Ian brings minor damage to Central Virginia, but Red Cross is bracing for more
CHESTERFIELD COUNTY, Va. (WRIC) — With a suitcase in hand, Jerry Silva of the Virginia Red Cross is headed down to Florida to help with the aftermath of Hurricane Ian.
Jerry Silva prepares for his flight to Florida to assist in the aftermath of Hurricane Ian. Photo courtesy of Sierra Krug.
After evaluating Friday night’s damage in Central Virginia following rain and wind from Hurricane Ian, the Virginia Red Cross deployed Silva to Florida.
“We put ourselves in harm’s ways to take care of our clients and staff volunteers,” Silva said.
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In the aftermath of Friday night’s storms, the Virginia Red Cross assisted six families across the state. Fortunately, none were in the Richmond area.
The Red Cross group opted to send more resources where they are desperately needed. Despite leaving an area with mild risk for severe weather damage for a higher risk location, Silva said he’s not afraid of what’s to come.
“This is my 15th deployment,” Silva said.
The Richmond area didn’t escape Ian’s wrath unscathed. According to Dominion Energy, about 15,000 customers were left without power as of 4 p.m. on Saturday, Oct 1. Power has since been restored to the majority of Central Virginia customers.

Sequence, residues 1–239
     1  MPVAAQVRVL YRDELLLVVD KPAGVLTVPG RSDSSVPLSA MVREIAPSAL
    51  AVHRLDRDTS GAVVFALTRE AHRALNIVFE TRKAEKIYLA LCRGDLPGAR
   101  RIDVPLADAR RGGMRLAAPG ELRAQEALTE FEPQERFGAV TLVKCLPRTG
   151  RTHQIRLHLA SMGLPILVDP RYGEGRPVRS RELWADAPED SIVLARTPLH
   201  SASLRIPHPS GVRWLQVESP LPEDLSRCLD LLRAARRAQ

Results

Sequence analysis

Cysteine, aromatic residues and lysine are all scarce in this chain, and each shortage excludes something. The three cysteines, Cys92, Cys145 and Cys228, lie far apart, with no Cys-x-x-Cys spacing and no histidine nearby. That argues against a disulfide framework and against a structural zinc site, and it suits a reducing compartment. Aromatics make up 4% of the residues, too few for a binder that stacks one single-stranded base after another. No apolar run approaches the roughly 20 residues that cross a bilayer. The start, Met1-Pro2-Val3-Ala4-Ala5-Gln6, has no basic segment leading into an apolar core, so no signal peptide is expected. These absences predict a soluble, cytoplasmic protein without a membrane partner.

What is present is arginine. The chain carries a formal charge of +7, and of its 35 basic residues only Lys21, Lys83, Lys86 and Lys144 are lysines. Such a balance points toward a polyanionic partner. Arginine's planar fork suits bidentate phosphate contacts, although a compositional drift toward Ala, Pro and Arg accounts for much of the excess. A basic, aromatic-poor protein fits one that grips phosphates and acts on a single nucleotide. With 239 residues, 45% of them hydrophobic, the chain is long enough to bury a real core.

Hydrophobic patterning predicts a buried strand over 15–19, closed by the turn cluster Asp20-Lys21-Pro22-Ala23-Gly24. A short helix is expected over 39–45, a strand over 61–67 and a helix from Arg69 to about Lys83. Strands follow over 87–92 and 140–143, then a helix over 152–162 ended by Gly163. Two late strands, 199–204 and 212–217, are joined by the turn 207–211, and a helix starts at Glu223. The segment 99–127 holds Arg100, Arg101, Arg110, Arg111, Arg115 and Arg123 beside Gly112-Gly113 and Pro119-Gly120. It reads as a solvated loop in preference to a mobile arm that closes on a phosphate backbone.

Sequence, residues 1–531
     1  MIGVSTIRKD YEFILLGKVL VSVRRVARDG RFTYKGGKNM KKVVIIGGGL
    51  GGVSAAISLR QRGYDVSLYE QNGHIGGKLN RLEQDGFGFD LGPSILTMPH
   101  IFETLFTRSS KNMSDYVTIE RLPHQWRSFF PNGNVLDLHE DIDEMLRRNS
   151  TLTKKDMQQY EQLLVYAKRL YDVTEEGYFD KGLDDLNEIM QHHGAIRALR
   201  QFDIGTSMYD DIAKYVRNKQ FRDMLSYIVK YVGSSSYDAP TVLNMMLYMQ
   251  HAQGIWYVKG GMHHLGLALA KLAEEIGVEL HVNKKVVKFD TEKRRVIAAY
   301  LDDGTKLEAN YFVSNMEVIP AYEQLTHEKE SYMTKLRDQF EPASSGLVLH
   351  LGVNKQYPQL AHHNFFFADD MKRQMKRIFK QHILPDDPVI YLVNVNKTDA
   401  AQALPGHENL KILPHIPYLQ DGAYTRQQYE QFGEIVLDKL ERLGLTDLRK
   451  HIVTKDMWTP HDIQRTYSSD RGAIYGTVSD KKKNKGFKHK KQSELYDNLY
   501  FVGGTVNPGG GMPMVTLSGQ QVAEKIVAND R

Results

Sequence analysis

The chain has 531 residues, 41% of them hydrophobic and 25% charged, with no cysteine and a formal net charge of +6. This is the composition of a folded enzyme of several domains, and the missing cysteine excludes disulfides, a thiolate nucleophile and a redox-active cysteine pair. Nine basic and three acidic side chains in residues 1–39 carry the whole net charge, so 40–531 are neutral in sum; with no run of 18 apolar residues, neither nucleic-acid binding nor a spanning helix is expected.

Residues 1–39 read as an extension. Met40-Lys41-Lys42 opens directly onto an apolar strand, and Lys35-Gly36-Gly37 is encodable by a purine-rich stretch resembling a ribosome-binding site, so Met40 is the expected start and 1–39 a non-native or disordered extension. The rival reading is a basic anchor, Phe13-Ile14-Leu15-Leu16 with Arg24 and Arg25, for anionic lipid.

Chesterfield tree hits powerline following storm. Photo courtesy of Chesterfield Police Department.
Many Richmonders woke up on Saturday to trees and debris cluttering the streets. Christy Carneal, also with the Virginia Red Cross, said it’s crucial that their group maintains adequate resources to help those in need in local communities. As of now, there is still sufficient help available to Central Virginians, she said.
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Residual winds and rain from Ian are still expected to make their way back around the area on Sunday, Oct. 2. Carneal pointed out that even if only a small number of people experience strong impacts from the storm, the devastation can be all-encompassing for them.
“If the trees come down on your home and you’ve lost that, you are still devastated,” Carneal said. “So, it may not be the community impact, but for the person who lost it, it is still a devastating effect.”